Keith Ferrazzi, author of the book Never Eat Alone said:
“The currency of real networking is not greed but generosity.”
As a business and career coach that has served over 600 clients to create sustainable businesses and careers, there has been nothing more foundational to my success in business than organic relationship building. Authentic relationships and prioritizing people has been at the center of my work and how I scaled by coaching business since the beginning.
I’ve shared a bit before about how I learned the importance of organic relationship building through my previous work as a grassroots political organizer. During that time, I did 400 calls a day and 10 door knocks per hour to recruit thousands of volunteers around the country and encourage people to go vote. And during my time as a fundraiser, I met with donors in person and was able to raise over $1.1 million dollars in community college scholarships. It was these experiences of being on the ground, face to face with real people that I discovered the ultimate power of connection, not clout.
In business and careers, your reputation is far more important and powerful than your number of Instagram followers.
An organic relationship is a relationship that develops naturally and authentically over time, without any pressure or artificial constraints. It’s not based off of a sales pitch or transaction and can lead to a mutually beneficial, fulfilling relationship personally and professionally. These relationships are crucial for success because they establish trust, build loyalty, and create a network of support and resources that can be leveraged over the long term–for your clients, team members, and even in your own personal relationships.
I want to share with you 6 strategies for strengthening and building organic relationships in your career, business, and life.
Six Strategies for Building Organic Relationships
1. Show up authentically and value vulnerability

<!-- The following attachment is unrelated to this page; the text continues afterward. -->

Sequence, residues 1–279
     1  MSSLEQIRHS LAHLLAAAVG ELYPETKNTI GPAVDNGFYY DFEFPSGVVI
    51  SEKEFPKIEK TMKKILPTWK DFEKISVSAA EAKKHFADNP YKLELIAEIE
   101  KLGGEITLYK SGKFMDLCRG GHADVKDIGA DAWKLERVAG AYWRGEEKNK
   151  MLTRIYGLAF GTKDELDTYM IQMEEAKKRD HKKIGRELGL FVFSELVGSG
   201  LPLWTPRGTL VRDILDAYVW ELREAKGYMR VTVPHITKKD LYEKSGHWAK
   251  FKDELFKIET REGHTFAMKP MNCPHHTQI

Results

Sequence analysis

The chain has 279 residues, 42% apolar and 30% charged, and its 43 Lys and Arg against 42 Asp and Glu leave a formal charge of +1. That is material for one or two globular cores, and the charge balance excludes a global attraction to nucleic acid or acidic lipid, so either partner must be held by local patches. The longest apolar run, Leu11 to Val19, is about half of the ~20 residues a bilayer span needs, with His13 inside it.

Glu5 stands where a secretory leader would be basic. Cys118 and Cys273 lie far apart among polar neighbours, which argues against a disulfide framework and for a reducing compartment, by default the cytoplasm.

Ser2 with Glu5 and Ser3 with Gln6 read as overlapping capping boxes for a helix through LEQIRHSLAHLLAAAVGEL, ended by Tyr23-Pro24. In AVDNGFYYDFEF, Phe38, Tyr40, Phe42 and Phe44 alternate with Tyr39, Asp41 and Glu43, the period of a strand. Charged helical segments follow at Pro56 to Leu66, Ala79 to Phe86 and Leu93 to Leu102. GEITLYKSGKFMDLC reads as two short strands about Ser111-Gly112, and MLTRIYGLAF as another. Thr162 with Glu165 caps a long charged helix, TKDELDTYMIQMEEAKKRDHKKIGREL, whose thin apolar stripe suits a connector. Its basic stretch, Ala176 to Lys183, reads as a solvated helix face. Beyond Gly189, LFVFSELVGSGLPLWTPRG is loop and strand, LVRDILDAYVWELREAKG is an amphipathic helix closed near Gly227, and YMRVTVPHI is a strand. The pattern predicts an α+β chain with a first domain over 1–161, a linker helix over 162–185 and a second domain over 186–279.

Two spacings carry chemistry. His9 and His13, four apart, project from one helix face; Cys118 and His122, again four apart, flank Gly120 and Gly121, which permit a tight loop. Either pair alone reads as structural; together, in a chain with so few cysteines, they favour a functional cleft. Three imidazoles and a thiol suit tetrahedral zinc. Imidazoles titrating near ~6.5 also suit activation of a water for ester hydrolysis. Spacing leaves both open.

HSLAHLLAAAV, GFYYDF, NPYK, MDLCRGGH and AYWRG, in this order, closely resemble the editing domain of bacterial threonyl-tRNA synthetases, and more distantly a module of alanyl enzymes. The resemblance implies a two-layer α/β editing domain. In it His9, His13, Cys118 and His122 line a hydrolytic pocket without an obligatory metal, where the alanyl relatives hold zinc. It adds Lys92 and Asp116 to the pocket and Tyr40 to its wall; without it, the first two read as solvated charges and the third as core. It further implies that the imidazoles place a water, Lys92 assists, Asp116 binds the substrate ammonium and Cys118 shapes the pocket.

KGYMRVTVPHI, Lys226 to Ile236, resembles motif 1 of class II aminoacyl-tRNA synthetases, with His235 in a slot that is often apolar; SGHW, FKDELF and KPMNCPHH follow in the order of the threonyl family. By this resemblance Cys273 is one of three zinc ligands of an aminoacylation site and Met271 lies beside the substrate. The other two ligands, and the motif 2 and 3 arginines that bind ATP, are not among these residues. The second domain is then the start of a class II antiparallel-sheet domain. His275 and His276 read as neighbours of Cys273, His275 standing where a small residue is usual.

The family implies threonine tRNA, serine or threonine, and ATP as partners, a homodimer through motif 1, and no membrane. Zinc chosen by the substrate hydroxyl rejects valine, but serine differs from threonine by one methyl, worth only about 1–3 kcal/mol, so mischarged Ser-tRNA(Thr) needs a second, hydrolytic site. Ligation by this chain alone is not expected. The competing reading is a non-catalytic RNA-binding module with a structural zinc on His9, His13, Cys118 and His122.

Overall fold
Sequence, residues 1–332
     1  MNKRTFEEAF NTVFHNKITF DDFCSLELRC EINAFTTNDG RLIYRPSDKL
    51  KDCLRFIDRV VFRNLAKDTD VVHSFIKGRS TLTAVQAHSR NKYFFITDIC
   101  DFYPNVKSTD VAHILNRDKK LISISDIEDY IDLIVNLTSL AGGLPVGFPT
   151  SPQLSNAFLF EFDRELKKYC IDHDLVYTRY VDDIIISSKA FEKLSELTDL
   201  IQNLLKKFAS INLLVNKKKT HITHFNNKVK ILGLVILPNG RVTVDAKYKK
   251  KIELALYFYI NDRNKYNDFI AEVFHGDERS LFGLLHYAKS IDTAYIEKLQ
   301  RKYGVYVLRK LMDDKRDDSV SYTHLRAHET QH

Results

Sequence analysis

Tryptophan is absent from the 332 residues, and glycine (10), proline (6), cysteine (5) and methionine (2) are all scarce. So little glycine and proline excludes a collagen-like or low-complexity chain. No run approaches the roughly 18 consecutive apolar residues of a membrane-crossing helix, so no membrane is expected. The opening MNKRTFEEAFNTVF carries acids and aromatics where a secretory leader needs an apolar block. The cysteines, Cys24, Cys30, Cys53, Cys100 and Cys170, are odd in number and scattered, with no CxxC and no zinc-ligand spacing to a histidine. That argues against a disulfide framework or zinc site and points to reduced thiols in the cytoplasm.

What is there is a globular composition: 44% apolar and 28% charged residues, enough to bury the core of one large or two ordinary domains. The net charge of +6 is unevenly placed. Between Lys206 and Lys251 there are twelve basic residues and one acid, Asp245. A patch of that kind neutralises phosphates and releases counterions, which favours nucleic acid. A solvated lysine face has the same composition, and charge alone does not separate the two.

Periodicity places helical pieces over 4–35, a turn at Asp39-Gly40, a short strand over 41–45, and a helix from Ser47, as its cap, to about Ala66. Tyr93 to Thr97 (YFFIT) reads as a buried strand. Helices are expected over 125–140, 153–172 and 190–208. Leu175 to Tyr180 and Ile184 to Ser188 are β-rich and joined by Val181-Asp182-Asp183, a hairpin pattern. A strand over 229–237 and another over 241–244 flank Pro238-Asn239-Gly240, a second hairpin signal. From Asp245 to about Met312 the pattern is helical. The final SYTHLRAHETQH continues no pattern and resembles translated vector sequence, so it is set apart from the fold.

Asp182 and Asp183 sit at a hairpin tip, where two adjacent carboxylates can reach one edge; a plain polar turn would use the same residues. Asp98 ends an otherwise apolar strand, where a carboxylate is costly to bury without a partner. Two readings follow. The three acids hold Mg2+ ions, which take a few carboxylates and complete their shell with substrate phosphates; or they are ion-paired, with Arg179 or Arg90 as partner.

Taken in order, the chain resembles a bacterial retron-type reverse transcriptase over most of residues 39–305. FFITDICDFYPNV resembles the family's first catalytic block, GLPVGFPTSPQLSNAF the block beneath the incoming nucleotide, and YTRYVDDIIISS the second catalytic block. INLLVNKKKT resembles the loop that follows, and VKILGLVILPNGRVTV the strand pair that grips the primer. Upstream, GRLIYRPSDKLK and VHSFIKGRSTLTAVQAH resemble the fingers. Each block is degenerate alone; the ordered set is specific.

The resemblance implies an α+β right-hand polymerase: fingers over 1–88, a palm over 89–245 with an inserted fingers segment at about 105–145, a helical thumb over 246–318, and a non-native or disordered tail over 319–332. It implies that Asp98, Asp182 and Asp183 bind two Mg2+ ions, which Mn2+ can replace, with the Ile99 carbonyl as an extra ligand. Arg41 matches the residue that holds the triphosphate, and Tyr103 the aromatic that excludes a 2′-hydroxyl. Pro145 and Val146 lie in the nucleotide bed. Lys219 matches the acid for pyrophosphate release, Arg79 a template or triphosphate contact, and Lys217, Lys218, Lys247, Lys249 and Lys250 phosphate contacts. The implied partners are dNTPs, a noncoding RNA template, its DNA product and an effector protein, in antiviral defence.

Authenticity and vulnerability are essential for building trust and fostering a sense of connection with others. Bringing vulnerability to working relationships allows the other person to feel comfortable and to know what to expect from you.
Connecting authentically with others can look like sharing your own story and challenges to create a sense of empathy and understanding, but it can also look like showing up just to listen and ground the other person.
Tip: Genuinely ask how someone is doing and maybe even ask, “how can I best support you right now?” Don’t assume that everyone wants a solution. You can even ask “Would it be helpful if I shared a similar challenge, or is holding space what you need right now?”
When it comes to vulnerability, be honest about your strengths and weaknesses with business contacts. What are you great at and how can you help by leaning into your strengths? Where do you feel less confident and where can you accept help or insight?
2. Find common ground
Finding common ground with people is a huge part of building authentic relationships. In thinking of your professional relationships, find out what values, goals, talents, or visions you share with each other.
In my own sales process, after a lead schedules a sales call with me, I have leads fill out a form that allows me to get to know them better. I also do my own research via their social media profiles so I can see if there is anything we have in common such as going to the same college, having similar backgrounds as a first-generation immigrant, or maybe living in the same state at one point (I’ve moved a lot).
Be sure to ask questions to better understand where they are in their current journey and what their current projects and priorities are. In the beginning of my sales calls, I even ask what their specific goals and challenges are in the current phase they’re in.
3. Be consistent and reliable
If your contacts can’t rely on you or trust your word, you have no way to build an organic relationship–no matter how well intentioned you are. It’s important to be transparent with people about your availability or limitations so that you can help manage expectations and avoid any damaging misunderstandings.
Unfortunately a few years ago when I was working with a client, I unintentionally set expectations in our sales call that differed from what it looked like when we actually worked together. I wasn’t showing up for commitments and we ended up terminating our contract. It was a great lesson for me to improve my customer service and create systems to ensure that I followed through on commitments to build trust.